Marking 80 years of the Mount Paris Dam

Eighty years after the Mount Paris Dam was first commissioned it continues to stand, serving as a monument to an industry that helped shape Tasmania’s economy.

Built using the buttress and slab construction method, it remains the only one of its type in Tasmania, and one of only a handful in the country. Its significance and rarity is acknowledged with a permanent entry on the Tasmanian Heritage Register.

Originally built to supply the Mount Paris Tin Mine with water using a water race, the dam held 1300 mega litres when full, and covered approximately 21 Hectares.

Work on the dam started in 1935 and was completed in less than year in 1936. Almost all the work was done by hand – including the mixing of all the concrete off site, before carting it in wheelbarrows to the construction site.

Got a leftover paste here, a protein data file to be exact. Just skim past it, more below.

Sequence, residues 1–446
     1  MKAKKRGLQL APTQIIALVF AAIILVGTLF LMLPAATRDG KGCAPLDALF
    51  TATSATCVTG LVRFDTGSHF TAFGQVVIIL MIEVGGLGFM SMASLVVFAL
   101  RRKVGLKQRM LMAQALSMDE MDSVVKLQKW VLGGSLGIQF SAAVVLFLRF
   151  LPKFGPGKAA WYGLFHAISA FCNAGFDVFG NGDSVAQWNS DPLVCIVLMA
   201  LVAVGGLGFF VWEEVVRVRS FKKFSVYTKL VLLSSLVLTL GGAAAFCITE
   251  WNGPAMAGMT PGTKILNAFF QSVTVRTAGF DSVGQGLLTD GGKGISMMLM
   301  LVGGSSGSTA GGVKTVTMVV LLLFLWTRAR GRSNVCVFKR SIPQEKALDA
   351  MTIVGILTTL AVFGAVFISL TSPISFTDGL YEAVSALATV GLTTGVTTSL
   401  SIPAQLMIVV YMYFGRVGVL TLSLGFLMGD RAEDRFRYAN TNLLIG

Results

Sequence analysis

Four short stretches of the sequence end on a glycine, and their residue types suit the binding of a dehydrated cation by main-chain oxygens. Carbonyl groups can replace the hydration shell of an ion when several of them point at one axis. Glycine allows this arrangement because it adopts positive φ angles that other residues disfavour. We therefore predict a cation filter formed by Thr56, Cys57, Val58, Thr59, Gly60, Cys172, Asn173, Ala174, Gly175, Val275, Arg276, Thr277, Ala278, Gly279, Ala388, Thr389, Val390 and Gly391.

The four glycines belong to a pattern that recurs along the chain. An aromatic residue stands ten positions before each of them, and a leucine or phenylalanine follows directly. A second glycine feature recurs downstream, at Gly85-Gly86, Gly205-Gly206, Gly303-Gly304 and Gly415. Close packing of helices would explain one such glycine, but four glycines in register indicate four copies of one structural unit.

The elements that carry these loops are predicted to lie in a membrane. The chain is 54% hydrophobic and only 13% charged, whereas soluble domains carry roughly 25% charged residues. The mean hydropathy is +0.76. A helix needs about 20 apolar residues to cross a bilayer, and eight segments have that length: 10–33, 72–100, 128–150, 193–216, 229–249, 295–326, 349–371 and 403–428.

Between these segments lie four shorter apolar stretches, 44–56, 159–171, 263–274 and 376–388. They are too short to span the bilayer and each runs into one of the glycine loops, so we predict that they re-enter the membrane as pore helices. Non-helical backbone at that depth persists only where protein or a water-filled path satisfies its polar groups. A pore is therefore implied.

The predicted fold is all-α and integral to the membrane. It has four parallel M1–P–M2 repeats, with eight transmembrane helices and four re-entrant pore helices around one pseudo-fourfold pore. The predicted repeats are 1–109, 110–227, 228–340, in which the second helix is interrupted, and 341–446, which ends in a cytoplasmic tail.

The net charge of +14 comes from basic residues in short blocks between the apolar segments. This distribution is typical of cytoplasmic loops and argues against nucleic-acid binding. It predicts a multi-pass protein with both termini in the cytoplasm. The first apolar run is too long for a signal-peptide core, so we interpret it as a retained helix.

Approximately 70 men were working on the dam at the height of its construction. Those who were married were offered camping with their families at a nearby picnic site. Simple huts were provided onsite for single men.

There was public outcry when, at the end of the 20th century, it was suggested the dam be dismantled.

The community is again rallying to ensure the dam continues to stand now and into the future. There will be a BBQ and fundraiser marking the 80th anniversary milestone. Funds raised will be used for maintenance to the dam.

The fundraiser will be on 8 September 2016 at 10:30am – 1:00pm off the Mount Paris Road. For further details please call Rosie Davenport on 0419 563 952.

Thank you to Stephen Pryor for the historic image.

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